BONNIE ARNOLD Producer
HOW TO TRAIN YOUR DRAGON, HOW TO TRAIN YOUR DRAGON 2, OVER THE HEDGE
How did you get started in entertainment?
I always loved movies but, when I was going to high school, the curriculum did not include media studies, and pursuing film as a career did not seem like an option. I majored in journalism in college and got my first job as an assistant to a producer at the local public television station in Atlanta, thinking that would be a foot in the door to a career in broadcasting. The show I worked on was actually a movie for a PBS network series called American Playhouse. I did a little bit of everything and was able to utilize my writing background in grant writing and script development. When time came to start filming, I was able to tag along in order to write the publicity notes. It was on a movie set in Bellows Falls, New Hampshire that I fell in love! From the day I set foot in the production office, I knew this was my calling.
From there, I started working freelance in film production in Atlanta and met a producer, David Picker. He invited me to work at Columbia Pictures in Los Angeles. It was while working for Columbia on a Tony Scott movie called Revenge that I met Kevin Costner. Kevin asked me to come and work with him on a film he was planning to direct called Dances With Wolves. I joined the production as the associate producer. Then, in 1992, Disney interviewed me for a line producer position and, in that process, I met Peter Schneider, who was running Disney’s Animation Studios. Peter and I hit it off, and he told me about a project that they were working on that he thought would be a good fit for me. The project was Toy Story and, by the next day, I was meeting with John Lasseter. I told John that I didn’t know animation, but I knew how to make a movie and I hoped that my skills from working in live action would translate to the new medium. He reminded me that no one had made an all-computer-animated feature film, so all of us were going to have to figure it out together.
After Toy Story was completed, Disney asked me to come back to Los Angeles and produce Tarzan. I loved the folks at Pixar, but it was my dream to live in Hollywood and work in the film business. Besides that, I was a big fan of the Tarzan movies – it seemed like a great fit for me.
In 2001, after I finished Tarzan, Jeffrey Katzenberg invited me to come to DreamWorks to produce Over the Hedge. I had met Jeffrey during the making of Toy Story and was excited about the possibility of coming to work for him again. The rest is history.
Was it difficult for you to go from live action to animation?
Creatively, it’s always about great storytelling. Technically, there were some things that I had to learn, but in terms of managing artists, budgets and schedules, my skills were applicable. What I like about my job is that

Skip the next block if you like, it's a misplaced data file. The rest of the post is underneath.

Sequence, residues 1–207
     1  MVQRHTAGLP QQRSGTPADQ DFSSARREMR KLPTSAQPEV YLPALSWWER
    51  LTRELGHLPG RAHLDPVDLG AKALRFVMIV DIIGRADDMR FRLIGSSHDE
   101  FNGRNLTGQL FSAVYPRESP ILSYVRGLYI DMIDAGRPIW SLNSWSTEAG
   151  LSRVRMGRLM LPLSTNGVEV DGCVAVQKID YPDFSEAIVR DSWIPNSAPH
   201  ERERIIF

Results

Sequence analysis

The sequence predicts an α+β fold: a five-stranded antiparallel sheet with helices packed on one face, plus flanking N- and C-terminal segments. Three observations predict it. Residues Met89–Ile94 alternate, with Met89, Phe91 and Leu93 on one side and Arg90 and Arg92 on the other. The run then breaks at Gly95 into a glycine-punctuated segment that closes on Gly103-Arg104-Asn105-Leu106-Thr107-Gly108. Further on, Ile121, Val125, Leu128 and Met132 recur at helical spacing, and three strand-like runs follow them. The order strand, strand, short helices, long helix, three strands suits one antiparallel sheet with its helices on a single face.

I am always learning something new and meeting people from all around the world. Personally, I feel like I have more control over my work schedule than I did when I was involved in live action production. That makes it easier to have a balance with your personal life.
Can you talk about the Geena Davis Institute on Gender & Media?
Geena and I are both graduates of Boston University, and I am a big fan of her work as an actor. She loved How To Train Your Dragon and was very complimentary about the character of Astrid. I hosted Geena here at the studio to help her raise the awareness among our producers, directors and writers of how women and girls are portrayed in movies and television. I am very supportive of her work and think her organization is making a difference.
Do you think it’s difficult for women to get into entertainment and animation?
I do think it is getting better all the time. My advice is to find something that you like doing and just do the best job you can. The people you work for will recognize that. Both Jeffrey Katzenberg and Bill Damaschke are very supportive of the women here at DreamWorks. There are a lot of smart women working here with great technical and creative expertise. And they are successfully managing both their careers and their families. I think it’s great for young women to know that they can do that.
What’s your best advice?
Try to discover the work you are passionate about. It doesn’t always present itself immediately. It took me a while to realize that it takes time to develop your career. If someone asks you what you want to do, just say it (even if you are not so sure). There are a lot interesting jobs out there, and you just have to be open to them. I would have never thought in a million years that I would be producing animation, but I took advantage of an opportunity that happened to come my way. Play your own course; don’t worry about what others are doing. Be good at your job. Don’t give up on your dream.